One key point of contention in this: the takedown letters sent by Okularity do contain a "discussion of infringement and fair use," Okularity claims that shows that it does consider fair use. Enttech responded that every single notice Okularity sends contains an exact copy of this discussion, suggesting no actual analysis is done, and it's just a cut-and-paste. This point is what the judge focused in on:

ENTTech’s allegation that the DMCA notices contained an analysis of infringement and fair use presents a question of first impression with respect to the standard for pleading a claim under § 512(f). Is it sufficient for ENTTech to allege that, notwithstanding the takedown notices’ explicit and extensive fairuse analysis, Defendants did not actually or sufficiently consider fair use before issuing the takedown notices? At first blush, the fact that the DMCA takedown notices contain fair-use analyses—even if those analyses are identical and pro forma—seems to satisfy the requirement to “consider” fair use before issuing a takedown notice. See Lenz, 815 F.3d at 1154. The presence of the purported fair-use analysis in each takedown notice also distinguishes this case from Lenz where the plaintiff alleged that the defendant did not consider fair use at all. Cf. id.

Is ENTTech required to allege additional facts, in view of the appearance that Defendants considered fair use? For example, must ENTTech allege evidentiary facts concerning Defendants’ analytical process or subjective state of mind (the type of facts which, in most cases, are not available to a plaintiff before discovery is taken)? Does the Iqbal/Twombly plausibility standard require ENTTech to aver its own analysis of fair use to support an inference that Defendants merely paid “lip service” to the consideration of fair use? Cf. id. at 1163. Having considered these questions, the Court concludes that ENTTech’s allegations in the TAC are sufficient at this stage of the litigation.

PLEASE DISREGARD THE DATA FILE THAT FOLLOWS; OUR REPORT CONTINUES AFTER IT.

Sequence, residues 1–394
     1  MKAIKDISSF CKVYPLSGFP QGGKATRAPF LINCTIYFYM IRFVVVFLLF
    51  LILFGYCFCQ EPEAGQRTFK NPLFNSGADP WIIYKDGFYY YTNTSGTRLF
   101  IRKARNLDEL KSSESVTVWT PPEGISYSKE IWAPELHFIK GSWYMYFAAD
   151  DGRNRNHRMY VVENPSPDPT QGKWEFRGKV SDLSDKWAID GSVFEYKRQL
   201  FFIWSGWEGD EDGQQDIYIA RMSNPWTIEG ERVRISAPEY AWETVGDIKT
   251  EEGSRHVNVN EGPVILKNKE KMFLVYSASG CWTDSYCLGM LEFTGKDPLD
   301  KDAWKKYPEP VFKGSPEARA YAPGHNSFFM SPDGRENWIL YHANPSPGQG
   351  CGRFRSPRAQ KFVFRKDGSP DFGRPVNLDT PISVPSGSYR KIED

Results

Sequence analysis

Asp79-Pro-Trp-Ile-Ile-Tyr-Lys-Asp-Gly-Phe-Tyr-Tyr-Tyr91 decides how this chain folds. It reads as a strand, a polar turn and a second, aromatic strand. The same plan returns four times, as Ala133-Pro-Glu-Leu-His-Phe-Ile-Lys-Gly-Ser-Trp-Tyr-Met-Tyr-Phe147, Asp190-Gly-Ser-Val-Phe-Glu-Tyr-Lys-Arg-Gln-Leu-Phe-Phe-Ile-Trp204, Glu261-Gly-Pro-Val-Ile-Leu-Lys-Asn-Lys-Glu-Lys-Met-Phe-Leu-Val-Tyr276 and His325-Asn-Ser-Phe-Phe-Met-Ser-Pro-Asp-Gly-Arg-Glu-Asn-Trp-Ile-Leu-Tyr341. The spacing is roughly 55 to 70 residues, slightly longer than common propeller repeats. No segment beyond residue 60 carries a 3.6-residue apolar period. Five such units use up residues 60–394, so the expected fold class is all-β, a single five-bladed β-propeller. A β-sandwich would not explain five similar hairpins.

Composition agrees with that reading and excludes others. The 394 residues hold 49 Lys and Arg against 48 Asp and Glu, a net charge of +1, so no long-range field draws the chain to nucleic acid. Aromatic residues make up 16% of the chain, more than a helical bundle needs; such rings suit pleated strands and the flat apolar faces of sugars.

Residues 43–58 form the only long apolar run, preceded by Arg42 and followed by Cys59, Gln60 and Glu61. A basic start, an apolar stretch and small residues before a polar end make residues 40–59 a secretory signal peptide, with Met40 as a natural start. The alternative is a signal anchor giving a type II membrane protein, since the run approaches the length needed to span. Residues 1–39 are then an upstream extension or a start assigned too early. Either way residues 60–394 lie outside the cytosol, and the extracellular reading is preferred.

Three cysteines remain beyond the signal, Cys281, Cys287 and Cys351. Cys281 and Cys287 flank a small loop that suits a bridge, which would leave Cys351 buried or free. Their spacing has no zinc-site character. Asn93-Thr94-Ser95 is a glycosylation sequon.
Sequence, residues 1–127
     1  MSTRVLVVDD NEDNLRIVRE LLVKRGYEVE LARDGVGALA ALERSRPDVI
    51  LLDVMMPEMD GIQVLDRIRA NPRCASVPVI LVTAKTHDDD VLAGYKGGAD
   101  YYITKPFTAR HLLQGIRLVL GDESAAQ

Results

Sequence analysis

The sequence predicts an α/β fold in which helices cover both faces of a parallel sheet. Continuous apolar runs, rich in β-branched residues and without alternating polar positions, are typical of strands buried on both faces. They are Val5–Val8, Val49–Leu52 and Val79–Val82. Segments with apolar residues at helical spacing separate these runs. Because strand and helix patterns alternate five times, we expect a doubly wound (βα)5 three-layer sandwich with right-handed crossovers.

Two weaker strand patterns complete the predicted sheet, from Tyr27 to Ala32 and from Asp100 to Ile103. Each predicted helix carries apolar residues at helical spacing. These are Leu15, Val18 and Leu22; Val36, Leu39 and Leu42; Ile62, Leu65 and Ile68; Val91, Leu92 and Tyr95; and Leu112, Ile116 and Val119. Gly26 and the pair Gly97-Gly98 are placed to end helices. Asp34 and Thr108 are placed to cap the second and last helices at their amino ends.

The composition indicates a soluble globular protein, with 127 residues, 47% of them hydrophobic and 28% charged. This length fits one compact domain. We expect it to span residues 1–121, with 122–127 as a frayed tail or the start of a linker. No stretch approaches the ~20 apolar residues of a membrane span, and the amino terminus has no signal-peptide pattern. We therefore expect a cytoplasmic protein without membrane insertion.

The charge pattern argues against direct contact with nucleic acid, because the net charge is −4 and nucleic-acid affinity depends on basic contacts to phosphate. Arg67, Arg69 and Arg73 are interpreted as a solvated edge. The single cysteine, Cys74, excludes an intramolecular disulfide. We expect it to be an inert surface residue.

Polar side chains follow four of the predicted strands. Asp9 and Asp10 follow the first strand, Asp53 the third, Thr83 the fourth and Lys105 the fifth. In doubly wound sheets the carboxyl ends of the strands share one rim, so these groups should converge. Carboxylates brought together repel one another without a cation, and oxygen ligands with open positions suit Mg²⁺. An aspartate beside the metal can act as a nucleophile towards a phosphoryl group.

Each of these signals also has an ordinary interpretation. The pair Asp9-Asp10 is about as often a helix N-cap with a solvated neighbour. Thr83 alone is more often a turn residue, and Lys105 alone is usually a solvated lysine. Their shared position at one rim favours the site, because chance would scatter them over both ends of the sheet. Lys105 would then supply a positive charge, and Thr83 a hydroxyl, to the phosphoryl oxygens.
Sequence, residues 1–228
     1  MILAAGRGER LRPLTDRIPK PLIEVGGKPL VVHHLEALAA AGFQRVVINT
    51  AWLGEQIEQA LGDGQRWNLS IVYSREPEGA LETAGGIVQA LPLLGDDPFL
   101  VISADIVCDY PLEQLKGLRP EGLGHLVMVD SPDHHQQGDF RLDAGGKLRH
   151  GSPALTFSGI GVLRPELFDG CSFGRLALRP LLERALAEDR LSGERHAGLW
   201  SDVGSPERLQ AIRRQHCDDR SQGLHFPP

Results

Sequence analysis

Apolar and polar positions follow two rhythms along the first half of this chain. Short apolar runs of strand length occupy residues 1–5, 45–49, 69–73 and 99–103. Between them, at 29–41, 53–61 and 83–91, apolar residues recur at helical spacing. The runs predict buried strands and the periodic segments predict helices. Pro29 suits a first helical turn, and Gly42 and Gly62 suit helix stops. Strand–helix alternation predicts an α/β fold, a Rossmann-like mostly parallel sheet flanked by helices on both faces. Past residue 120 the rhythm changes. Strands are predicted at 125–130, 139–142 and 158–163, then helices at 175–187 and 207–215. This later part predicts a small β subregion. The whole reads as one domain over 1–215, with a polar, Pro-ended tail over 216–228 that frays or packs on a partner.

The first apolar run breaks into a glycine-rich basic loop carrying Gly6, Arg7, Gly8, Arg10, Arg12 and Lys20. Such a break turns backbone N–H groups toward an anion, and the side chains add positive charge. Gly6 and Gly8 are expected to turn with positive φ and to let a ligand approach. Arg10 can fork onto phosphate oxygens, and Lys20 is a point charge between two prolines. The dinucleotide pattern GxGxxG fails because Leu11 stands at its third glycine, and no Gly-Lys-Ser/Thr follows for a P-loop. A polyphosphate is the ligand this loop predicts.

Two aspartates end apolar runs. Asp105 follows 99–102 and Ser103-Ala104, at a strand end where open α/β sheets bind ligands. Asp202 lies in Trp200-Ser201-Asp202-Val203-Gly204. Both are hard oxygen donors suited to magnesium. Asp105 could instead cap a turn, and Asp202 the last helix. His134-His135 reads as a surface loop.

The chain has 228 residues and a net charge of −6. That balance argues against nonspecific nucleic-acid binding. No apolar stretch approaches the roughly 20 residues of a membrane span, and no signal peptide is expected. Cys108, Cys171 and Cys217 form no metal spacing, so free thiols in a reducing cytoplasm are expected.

The court points out that the ruling in Lenz supports allowing this case to move forward, saying that it's a factual question whether or not the takedown notice sender had a "good faith belief" that the notice was legit, and therefore, it's up to a jury to decide.

Although Lenz involved a motion for summary judgment, that decision is nevertheless instructive with respect to the issue presently before the Court. Lenz supports the conclusion that the question of whether a copyright owner formed a subjective good faith belief that an alleged infringer’s copying of the work did not constitute fair use is, in most instances, a factual issue that is not appropriate for resolution on a motion to dismiss. “Because the DMCA requires consideration of fair use prior to sending a takedown notification,” the Ninth Circuit held that “a jury must determine whether [the defendant’s] actions were sufficient to form a subjective good faith belief about the [allegedly infringing] video’s fair use or lack thereof.” Id. at 1154. In response to the arguments in the dissenting opinion regarding the propriety of granting summary judgment, the Lenz panel majority explained that the relevant question was “whether the analysis [the defendant] did conduct of the [alleged infringing material] was sufficient, not to conclusively establish as a matter of law that the . . . use of the [copyrighted material] was fair, but to form a subjective good faith belief that the video was infringing on [the] copyright.” Id. at 1154 n.3.